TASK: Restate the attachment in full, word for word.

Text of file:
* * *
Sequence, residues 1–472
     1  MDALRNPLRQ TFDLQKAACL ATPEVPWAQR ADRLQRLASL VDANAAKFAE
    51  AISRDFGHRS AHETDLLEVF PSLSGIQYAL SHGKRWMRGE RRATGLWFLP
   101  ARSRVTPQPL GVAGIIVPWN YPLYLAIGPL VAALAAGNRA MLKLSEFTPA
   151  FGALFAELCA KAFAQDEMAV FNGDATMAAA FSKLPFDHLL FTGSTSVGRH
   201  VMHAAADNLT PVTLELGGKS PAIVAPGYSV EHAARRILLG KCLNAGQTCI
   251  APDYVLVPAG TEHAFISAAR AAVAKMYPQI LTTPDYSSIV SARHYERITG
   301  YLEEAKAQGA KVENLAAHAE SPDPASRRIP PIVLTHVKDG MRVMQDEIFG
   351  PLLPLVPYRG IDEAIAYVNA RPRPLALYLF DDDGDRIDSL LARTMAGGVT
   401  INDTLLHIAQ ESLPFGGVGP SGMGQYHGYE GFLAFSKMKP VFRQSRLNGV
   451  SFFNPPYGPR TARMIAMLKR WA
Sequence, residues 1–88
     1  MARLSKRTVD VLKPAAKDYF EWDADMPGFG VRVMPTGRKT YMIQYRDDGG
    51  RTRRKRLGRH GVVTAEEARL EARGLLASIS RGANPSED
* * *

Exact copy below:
Sequence, residues 1–472
     1  MDALRNPLRQ TFDLQKAACL ATPEVPWAQR ADRLQRLASL VDANAAKFAE
    51  AISRDFGHRS AHETDLLEVF PSLSGIQYAL SHGKRWMRGE RRATGLWFLP
   101  ARSRVTPQPL GVAGIIVPWN YPLYLAIGPL VAALAAGNRA MLKLSEFTPA
   151  FGALFAELCA KAFAQDEMAV FNGDATMAAA FSKLPFDHLL FTGSTSVGRH
   201  VMHAAADNLT PVTLELGGKS PAIVAPGYSV EHAARRILLG KCLNAGQTCI
   251  APDYVLVPAG TEHAFISAAR AAVAKMYPQI LTTPDYSSIV SARHYERITG
   301  YLEEAKAQGA KVENLAAHAE SPDPASRRIP PIVLTHVKDG MRVMQDEIFG
   351  PLLPLVPYRG IDEAIAYVNA RPRPLALYLF DDDGDRIDSL LARTMAGGVT
   401  INDTLLHIAQ ESLPFGGVGP SGMGQYHGYE GFLAFSKMKP VFRQSRLNGV
   451  SFFNPPYGPR TARMIAMLKR WA
Sequence, residues 1–88
     1  MARLSKRTVD VLKPAAKDYF EWDADMPGFG VRVMPTGRKT YMIQYRDDGG
    51  RTRRKRLGRH GVVTAEEARL EARGLLASIS RGANPSED